Get lean, eliminate waste

Throw technology at old manufacturing processes and procedures, and you still can get a train wreck; it just happens faster. Infuse lean manufacturing techniques into the hearts and minds of those involved with plant processes, and your technological dollars will go a lot farther. The difference is like comparing the clunky "Warning Will Robinson" Lost in Space robot to the deftness imagined ...

07/01/2004


Throw technology at old manufacturing processes and procedures, and you still can get a train wreck; it just happens faster. Infuse lean manufacturing techniques into the hearts and minds of those involved with plant processes, and your technological dollars will go a lot farther. The difference is like comparing the clunky 'Warning Will Robinson' Lost in Space robot to the deftness imagined in I, Robot .

'The biggest obstacle is what's in peoples' heads,' maintains Pascal Dennis, co-owner of Lean Productivity Systems, an educational firm teaching rapid business improvement. Dennis, along with his partner Erik Hager, conducted sessions at Quality Expo in Novi, MI, in June. Their 'Lean Production: Less is More' presentation also appealed to respecting the humanity of those involved. 'People are not going to 'lean' themselves out of their jobs,' warns Hager, noting that Toyota and Honda have commitments not to lay off people, except in dire straights.

Dennis and Hager suggest the need to constantly refine processes, question how things are done, and appeal to motivated employees to set and follow standards. Look at value versus waste, subscribe to 'pull,' (customers buy, you make), and strive for perfection. Waste must be eliminated. Value-adding process activities usually account for just 5% of total time, perhaps 30% for exceptional companies, say Dennis and Hager. That leaves a lot of room to improve. Where?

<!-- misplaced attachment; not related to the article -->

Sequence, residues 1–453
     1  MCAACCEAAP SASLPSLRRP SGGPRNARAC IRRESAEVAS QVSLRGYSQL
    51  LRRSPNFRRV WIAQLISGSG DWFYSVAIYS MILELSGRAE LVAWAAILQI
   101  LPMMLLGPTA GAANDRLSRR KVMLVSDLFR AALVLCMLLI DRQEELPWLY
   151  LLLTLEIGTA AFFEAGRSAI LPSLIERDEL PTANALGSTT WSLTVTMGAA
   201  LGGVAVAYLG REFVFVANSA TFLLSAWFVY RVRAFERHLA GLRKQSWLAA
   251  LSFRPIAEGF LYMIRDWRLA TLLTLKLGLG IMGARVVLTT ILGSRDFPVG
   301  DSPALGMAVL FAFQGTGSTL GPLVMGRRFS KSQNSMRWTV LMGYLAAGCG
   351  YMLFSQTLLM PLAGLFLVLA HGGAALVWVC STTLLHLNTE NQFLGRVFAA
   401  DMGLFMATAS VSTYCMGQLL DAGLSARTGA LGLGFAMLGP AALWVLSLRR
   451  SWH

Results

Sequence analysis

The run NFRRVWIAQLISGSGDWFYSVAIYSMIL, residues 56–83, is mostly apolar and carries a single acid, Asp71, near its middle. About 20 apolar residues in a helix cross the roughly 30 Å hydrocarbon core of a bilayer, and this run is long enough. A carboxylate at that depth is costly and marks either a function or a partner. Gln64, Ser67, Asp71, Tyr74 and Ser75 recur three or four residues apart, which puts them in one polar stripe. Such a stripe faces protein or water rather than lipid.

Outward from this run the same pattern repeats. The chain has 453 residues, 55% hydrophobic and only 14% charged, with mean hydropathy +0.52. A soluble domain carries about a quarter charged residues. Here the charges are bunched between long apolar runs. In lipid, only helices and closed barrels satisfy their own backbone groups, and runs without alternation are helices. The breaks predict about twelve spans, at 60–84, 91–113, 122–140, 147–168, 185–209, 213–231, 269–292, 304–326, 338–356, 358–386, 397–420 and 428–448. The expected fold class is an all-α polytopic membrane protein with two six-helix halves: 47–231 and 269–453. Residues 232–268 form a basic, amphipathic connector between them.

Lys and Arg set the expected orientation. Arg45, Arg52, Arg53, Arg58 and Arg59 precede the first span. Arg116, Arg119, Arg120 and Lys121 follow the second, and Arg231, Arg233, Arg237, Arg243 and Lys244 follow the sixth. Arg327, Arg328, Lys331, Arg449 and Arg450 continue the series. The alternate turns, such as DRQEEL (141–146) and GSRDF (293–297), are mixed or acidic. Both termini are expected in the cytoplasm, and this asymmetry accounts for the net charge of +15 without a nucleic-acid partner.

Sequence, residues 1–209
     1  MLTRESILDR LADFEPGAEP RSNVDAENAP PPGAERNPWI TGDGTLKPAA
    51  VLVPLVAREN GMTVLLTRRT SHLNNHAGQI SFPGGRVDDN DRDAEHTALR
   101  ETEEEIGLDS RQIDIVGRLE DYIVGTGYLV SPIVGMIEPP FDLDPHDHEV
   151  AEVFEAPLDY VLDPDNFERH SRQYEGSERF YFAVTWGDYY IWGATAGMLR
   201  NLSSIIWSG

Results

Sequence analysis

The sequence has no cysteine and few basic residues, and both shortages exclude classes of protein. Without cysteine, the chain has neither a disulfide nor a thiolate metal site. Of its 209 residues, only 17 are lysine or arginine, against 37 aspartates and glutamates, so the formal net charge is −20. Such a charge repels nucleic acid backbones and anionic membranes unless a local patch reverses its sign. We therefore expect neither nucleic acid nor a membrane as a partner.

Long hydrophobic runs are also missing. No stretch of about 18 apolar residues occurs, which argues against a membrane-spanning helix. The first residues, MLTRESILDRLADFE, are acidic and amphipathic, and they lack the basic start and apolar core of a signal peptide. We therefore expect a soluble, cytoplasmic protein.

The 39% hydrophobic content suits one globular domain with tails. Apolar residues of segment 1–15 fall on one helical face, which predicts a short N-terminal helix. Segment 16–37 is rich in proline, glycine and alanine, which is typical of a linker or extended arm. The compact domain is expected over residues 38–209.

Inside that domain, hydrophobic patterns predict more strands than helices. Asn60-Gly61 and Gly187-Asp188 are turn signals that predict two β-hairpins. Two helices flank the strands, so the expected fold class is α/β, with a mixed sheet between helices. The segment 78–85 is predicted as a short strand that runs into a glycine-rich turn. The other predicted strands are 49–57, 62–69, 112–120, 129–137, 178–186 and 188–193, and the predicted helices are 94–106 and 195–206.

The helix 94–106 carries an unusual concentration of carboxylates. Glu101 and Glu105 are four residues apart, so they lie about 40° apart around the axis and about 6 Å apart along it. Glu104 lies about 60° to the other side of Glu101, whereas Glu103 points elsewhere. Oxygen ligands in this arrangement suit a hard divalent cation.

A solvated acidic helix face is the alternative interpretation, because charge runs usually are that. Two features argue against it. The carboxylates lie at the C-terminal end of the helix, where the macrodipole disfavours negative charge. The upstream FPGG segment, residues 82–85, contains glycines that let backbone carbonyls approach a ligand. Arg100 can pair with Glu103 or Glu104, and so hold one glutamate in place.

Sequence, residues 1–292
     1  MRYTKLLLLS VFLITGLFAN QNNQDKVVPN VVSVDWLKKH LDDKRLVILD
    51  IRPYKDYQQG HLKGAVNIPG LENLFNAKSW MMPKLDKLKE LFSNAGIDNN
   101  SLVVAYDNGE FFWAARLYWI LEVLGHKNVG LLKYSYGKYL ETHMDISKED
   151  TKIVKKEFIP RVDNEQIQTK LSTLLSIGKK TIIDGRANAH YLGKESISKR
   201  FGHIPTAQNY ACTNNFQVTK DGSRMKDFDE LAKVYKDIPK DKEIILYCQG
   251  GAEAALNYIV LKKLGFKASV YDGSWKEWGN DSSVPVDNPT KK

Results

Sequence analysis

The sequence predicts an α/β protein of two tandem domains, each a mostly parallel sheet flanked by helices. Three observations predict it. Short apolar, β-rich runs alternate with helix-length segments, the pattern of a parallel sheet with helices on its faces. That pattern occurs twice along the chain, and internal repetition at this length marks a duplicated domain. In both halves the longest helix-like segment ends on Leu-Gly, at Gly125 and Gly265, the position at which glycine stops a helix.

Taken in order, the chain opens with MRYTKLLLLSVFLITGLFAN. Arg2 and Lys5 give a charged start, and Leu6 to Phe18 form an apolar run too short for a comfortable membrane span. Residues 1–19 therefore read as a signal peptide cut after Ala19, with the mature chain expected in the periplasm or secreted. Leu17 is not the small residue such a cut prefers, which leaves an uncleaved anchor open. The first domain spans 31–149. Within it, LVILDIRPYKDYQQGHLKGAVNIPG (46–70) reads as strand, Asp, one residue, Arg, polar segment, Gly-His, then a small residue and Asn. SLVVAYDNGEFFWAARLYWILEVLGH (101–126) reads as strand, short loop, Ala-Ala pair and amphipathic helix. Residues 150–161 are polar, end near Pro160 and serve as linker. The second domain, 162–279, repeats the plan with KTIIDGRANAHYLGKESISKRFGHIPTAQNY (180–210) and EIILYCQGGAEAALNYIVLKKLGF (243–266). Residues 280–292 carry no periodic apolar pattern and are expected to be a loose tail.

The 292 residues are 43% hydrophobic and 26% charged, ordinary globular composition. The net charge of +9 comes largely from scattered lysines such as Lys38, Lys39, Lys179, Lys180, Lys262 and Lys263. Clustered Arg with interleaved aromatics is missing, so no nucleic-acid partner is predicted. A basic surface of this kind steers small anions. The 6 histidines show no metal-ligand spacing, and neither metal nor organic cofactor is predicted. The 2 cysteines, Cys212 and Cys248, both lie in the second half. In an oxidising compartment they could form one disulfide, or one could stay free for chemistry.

1. Wasted motion.

  2. Waiting for product or information required for the process.

  3. Conveyance—Many material flow diagrams look like a pinball game.

  4. Corrections. If you have 'hospitals' to heal products at the end of the line, the process requires emergency surgery.

  5. Over processing. Make customers happy, but don't get ridiculous.

  6. Over production. Don't make more than what's required any sooner than it's needed to avoid many hidden costs of overproduction, including, as Henry Ford said, wasting human time.

  7. Inventory excess. Excesses are often built in to compensate for unstable equipment or processes.

  8. Missed opportunities. Ask: 'What should we do to sustain goals we've set?'

Hager says that in asking people to point out examples of waste during a plant walk-through, excuses and explanations fly. Just identify wasteful processes and why they exist, 'then eliminate them.'

Perhaps as a corollary to Isaac Asimov's First Law of Robotics (in I, Robot ), we should say technology shouldn't be allowed to do harm through process inaction. For related links, read this online at www.controleng.com .

MHoske@cfemedia.com


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